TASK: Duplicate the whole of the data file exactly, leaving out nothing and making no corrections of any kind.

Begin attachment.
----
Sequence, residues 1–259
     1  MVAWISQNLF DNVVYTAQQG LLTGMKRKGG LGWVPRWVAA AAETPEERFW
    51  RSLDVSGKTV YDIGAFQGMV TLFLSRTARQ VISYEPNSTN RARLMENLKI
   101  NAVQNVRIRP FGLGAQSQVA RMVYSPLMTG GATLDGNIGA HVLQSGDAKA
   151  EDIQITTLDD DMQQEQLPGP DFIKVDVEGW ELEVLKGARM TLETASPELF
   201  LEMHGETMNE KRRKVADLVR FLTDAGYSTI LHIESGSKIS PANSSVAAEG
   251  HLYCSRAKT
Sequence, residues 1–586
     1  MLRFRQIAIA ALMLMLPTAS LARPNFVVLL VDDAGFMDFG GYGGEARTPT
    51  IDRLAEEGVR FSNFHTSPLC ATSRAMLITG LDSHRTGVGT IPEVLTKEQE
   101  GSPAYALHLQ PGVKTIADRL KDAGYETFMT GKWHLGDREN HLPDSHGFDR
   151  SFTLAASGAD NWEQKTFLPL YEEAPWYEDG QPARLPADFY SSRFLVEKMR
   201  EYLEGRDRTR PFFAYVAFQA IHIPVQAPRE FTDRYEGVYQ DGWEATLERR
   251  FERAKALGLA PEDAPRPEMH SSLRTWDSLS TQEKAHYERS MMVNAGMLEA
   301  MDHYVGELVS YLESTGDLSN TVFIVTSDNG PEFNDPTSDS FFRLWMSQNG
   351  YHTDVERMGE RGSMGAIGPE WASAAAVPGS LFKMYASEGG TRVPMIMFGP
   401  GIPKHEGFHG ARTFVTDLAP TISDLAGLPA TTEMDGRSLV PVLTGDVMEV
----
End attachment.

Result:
Sequence, residues 1–259
     1  MVAWISQNLF DNVVYTAQQG LLTGMKRKGG LGWVPRWVAA AAETPEERFW
    51  RSLDVSGKTV YDIGAFQGMV TLFLSRTARQ VISYEPNSTN RARLMENLKI
   101  NAVQNVRIRP FGLGAQSQVA RMVYSPLMTG GATLDGNIGA HVLQSGDAKA
   151  EDIQITTLDD DMQQEQLPGP DFIKVDVEGW ELEVLKGARM TLETASPELF
   201  LEMHGETMNE KRRKVADLVR FLTDAGYSTI LHIESGSKIS PANSSVAAEG
   251  HLYCSRAKT
Sequence, residues 1–586
     1  MLRFRQIAIA ALMLMLPTAS LARPNFVVLL VDDAGFMDFG GYGGEARTPT
    51  IDRLAEEGVR FSNFHTSPLC ATSRAMLITG LDSHRTGVGT IPEVLTKEQE
   101  GSPAYALHLQ PGVKTIADRL KDAGYETFMT GKWHLGDREN HLPDSHGFDR
   151  SFTLAASGAD NWEQKTFLPL YEEAPWYEDG QPARLPADFY SSRFLVEKMR
   201  EYLEGRDRTR PFFAYVAFQA IHIPVQAPRE FTDRYEGVYQ DGWEATLERR
   251  FERAKALGLA PEDAPRPEMH SSLRTWDSLS TQEKAHYERS MMVNAGMLEA
   301  MDHYVGELVS YLESTGDLSN TVFIVTSDNG PEFNDPTSDS FFRLWMSQNG
   351  YHTDVERMGE RGSMGAIGPE WASAAAVPGS LFKMYASEGG TRVPMIMFGP
   401  GIPKHEGFHG ARTFVTDLAP TISDLAGLPA TTEMDGRSLV PVLTGDVMEV